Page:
For the second time this session, Vermont lawmakers have approved a measure to amend the state constitution Wednesday.
On Wednesday, a group of state senators proposed removing any reference to slavery from the document..
“We need to be able to use our imagination to walk in someone else’s shoes to understand the world from another point of view,” said Sen. Debbie Ingram, D- Chittenden District. “This willingness, this understanding and this empathy are at the core of justice, the concept of justice.”
The Vermont Constitution currently says no person 21 or older should serve as a slave unless bound by their own consent or by law for the payment of debts, damages, fines, costs or the like.
Supporters of the proposed change say the constitution should make it clear: “slavery and indentured servitude in any form are prohibited”.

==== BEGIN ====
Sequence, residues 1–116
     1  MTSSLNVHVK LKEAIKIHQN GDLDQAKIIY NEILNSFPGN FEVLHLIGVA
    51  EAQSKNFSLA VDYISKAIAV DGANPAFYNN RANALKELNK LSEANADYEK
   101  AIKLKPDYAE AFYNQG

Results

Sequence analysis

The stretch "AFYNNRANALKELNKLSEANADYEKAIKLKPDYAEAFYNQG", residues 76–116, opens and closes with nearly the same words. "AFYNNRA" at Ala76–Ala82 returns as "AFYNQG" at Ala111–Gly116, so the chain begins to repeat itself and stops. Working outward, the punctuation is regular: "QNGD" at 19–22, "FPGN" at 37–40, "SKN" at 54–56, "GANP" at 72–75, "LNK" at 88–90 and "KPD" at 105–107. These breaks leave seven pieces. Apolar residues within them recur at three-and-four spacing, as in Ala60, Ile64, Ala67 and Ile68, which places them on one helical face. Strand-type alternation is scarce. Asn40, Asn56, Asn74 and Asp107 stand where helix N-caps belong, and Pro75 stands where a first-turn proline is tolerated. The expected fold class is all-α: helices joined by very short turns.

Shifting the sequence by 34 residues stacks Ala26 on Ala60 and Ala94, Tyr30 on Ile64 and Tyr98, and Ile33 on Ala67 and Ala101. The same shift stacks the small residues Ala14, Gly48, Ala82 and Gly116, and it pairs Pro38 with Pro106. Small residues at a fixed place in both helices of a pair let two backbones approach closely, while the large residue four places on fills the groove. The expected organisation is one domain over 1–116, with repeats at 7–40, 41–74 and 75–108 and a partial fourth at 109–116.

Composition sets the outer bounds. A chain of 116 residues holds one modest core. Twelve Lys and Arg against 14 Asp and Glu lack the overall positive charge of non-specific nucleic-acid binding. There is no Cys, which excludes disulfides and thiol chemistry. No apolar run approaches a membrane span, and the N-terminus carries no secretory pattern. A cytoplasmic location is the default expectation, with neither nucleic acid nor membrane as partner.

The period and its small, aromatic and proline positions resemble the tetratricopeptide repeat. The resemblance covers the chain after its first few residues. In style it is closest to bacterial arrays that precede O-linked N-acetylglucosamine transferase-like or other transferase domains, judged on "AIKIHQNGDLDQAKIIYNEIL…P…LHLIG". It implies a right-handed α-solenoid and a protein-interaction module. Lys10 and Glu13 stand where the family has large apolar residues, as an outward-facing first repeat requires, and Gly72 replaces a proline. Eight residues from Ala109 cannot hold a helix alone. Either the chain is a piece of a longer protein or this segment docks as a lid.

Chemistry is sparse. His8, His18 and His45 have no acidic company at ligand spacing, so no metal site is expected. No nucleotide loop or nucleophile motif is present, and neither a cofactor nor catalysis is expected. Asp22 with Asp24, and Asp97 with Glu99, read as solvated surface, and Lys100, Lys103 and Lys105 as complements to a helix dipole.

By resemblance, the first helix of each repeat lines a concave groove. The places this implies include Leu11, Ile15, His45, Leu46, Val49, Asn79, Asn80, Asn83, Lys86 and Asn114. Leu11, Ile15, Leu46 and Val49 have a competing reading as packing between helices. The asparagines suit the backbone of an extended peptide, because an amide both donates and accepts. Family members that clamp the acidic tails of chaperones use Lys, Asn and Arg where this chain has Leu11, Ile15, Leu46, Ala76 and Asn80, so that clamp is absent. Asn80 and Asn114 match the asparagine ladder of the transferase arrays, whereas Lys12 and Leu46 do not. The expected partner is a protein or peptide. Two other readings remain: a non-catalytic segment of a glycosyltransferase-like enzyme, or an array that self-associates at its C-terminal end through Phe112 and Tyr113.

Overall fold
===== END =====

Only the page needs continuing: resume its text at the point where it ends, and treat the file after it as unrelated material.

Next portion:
“Some of the language might seem rough and perhaps not as clear as it could have been,” said Sen. Jeanette White, D- Windham District.
Vermont has amended its constitution 17 times, but opponents say this change would essentially re-write history — and ignore the fact that, in 1777, Vermont was the first colony to abolish slavery in 1777, before it became a state.
“The existing language has no legal power, nor would the new language have legal power. What it does have is historical power, it’s an artifact,” said Sen. Dick McCormack, D- Windsor District. “It won’t be accurate, it’ll be history with a smiley face plastered on it.”
McCormack ended up being the only ‘no’ in the final 28-1 vote.
“That history is there. The words that were done by the framers originally will remain,” said Sen. Randy Brock, R- Franklin District. “But what this change reflects is what we believe as Vermonters today,”
The Senate vote is just the first step in the process of amending the Vermont Constitution. If it is passed by the House, the measure will go back to the both chambers in 2020 and, if approved, go to a statewide vote.
In March, a Vermont Senate committee approved a bill that would amend the constitution to preserve a woman’s right to abortion.